Course Outline

  1. Basic Concepts and Terminology of Sequence Stratigraphy
  2. The Stratigraphic Building Blocks of Depositional Sequences
  3. Recognition Criteria for the Identification of Depositional sequences and their Components in Outcrops, Cores, Well Logs, and Seismic
  4. The Application of Sequence Stratigraphy in Non-marine, Shallow Marine, and Submarine Depositional Settings

Capstone Project

Instructor: Faculty (University of Houston)

Purpose: The Capstone Project is intended to be somewhat like a mini-thesis with slightly different objectives. First, it serves as a final project for the petroleum geology program. Secondly, it gives students an opportunity to integrate their newly learned skill-sets and methods along with their exposure to various types of datasets in the program curriculum and on the job to design and execute an integrated project into a coherent conclusion or recommendation. This makes the Capstone Project somewhat like the first step oil professionals would take after completing a degree with a Masters thesis. The Capstone is, to some extent, a developmental jump ahead of a thesis since the student is actually completing a project report and review similar to what would be expected of him or her on the job.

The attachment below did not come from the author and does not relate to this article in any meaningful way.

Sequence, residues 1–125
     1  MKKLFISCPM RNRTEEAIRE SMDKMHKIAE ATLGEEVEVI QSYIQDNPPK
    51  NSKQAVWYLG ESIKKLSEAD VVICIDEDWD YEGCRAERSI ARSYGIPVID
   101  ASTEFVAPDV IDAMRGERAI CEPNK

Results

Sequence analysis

Capstone projects may cover a wide-variety of topics, but for the Specialization in Petroleum Geology, field studies or elements of field studies would be excellent for the Capstone Project. Regional studies or the development of play fairways and play concepts would also be appropriate as long as the student is careful not to create a project that is too large to complete in the time allotted.

Scale of Project: The most critical limiting element in the Capstone is the time constraint. Projects should be doable with two months at a half-time effort after planning and data gathering.

Another important aspect is that data must be readily available. There is no time to wait for acquisition or processing. The best type of data would be data that has been analyzed and previously used for a study with open questions remaining regarding the interpretation or meaning of some of the datasets. Datasets in publications would be appropriate if a question or problem about that dataset could be formulated and analyzed.